"2009 is a brand new year in pet food." (At this point) "I" (would like to) "think it is safe to say that every manufacturer, distributor, store, and pet owner is committed to providing the absolute best nutrition for our pets." (Though I am not so sure about the commercial mass producing pet food manufacturers.) "Two years ago we saw a lot of media hype, some of which may have confused people more than it helped them." (Last years things seemed to have calmed down a little.) "Now it’s time to get back to helping our customers decipher and understand the different options available to them.
The most common requests heard in the stores this past year were for Organic, Natural, or Safe foods. Surprisingly, however, the least common terms used at the retail level were Holistic and Healthy. Even more surprising was the fact that a large number of people can’t define the differences between Holistic, Natural, Organic, and Healthy. Ask your sales representatives and customers to define those four terms and you’ll never get the same answer twice. In fact, most people will define one or more of those terms using one or more of the other terms. The most common answer given in response to the question “What does Natural mean?” is “Organic and Healthy”. We’ve blurred these terms together to the point that they don’t have any significant meaning anymore. It has become extremely important for us to focus on this product segment. Therefore, I think it is important to be able to understand the terms most commonly used in selling Holistic, Healthy, Organic, and Natural pet foods.
Definitions from http://www.dictionary.com/ and http://www.organic.org/
Holistic - To treat something as a whole
Natural - Existing in or formed by nature, - To mimic what would occur in nature
Organic - Organic produce and other ingredients are grown without the use of pesticides, synthetic fertilizers, sewage sludge, genetically modified organisms, or ionizing radiation. Animals that produce meat, poultry, eggs, and dairy products do not take antibiotics or growth hormones.
Healthy – conducive to promoting a good condition of the body
I find it interesting that only one of these terms, Organic, is precisely regulated in its usage. Therefore, each of us must decide how to apply this information to our product positioning. For example, holistic means “to treat something as a whole”. By this definition, a pet food is holistic if it deals with every health issue your pet faces. When using the word Natural in describing pet food, it is important to remember that the ingredients must come from nature and that the end product must mimic what the pet would eat in nature.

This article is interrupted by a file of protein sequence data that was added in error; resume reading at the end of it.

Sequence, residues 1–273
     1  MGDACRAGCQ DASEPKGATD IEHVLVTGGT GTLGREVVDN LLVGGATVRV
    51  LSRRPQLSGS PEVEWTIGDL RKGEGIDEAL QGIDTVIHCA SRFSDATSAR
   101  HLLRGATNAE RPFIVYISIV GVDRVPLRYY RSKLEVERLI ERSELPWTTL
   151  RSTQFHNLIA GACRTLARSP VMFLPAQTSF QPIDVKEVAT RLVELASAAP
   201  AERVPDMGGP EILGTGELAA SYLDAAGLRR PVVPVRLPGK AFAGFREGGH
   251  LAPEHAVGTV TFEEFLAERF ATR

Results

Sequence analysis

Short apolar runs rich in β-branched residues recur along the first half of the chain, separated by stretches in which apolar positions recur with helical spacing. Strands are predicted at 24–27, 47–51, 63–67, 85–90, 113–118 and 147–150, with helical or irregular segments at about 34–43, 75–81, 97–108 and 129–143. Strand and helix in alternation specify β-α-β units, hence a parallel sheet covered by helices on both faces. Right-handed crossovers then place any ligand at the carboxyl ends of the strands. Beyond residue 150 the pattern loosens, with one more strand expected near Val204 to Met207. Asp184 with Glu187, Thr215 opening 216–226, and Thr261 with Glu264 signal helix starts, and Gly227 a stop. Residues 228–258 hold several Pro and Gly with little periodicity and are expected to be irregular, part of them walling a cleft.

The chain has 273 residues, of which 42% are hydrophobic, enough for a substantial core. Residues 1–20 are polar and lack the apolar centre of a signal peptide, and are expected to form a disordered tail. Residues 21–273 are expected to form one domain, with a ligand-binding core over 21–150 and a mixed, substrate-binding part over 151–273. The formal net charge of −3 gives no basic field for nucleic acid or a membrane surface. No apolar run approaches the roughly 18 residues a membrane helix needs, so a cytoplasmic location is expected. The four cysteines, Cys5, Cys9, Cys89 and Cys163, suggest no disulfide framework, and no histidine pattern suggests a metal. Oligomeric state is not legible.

Organic describes the type of ingredients used in producing the pet food, however, there are 4 classifications of organic. Less than 70% organic may list organically grown ingredients on their panel. Foods containing 70% or more organic ingredients can use the term, “Made with Organic Ingredients” in their labeling. Foods containing 95% or more Organic ingredients may call themselves Organic. Foods using 100% Organic ingredients are the only foods that may use “100% Organic” in labeling. A fee is paid to the USDA in order to use the USDA Organic seal.
So what is healthy? The holistic market tends to avoid Corn, Wheat, and Soy. The overall perception is that these ingredients are not healthy. Let’s assume that an Organic pet food uses Organically grown wheat or soy as part of their ingredient listing. Would you consider that food to be healthy simply because it is Organic? What if we are trying to feed our pet a natural food. In nature, wild animals consume raw proteins. Can we consider a food to be natural if the proteins have been cooked?
It seems to me that the two least commonly used terms, Holistic and Healthy, seem to work hand in hand in their common goals. A Holistic diet looks to address every health issue your pet faces as a whole. Again, it is left to us to decide whether or not a food is holistic, regardless of its labeling. Skin, coat, hip, joint, and digestive issues are the most commonly discussed health issues in pet food. But what about kidney disease, liver disease, heart disease, circulatory issues, diabetes, cholesterol, eye sight, etc.? If a food does not address these issues, would you consider it to be Holistic?
The intention of this article was to help simplify the Holistic, Natural, Organic, Healthy debate. I have a feeling, however, that I’ve stirred up more questions than I’ve answered here. Each of us have our own opinions and we need to apply that to our marketing techniques. Hopefully, I’ve given you a strong foundation to base those opinions on. "
(Contributed by Jeff Baker, Founder & CEO of Canine Caviar Pet Foods)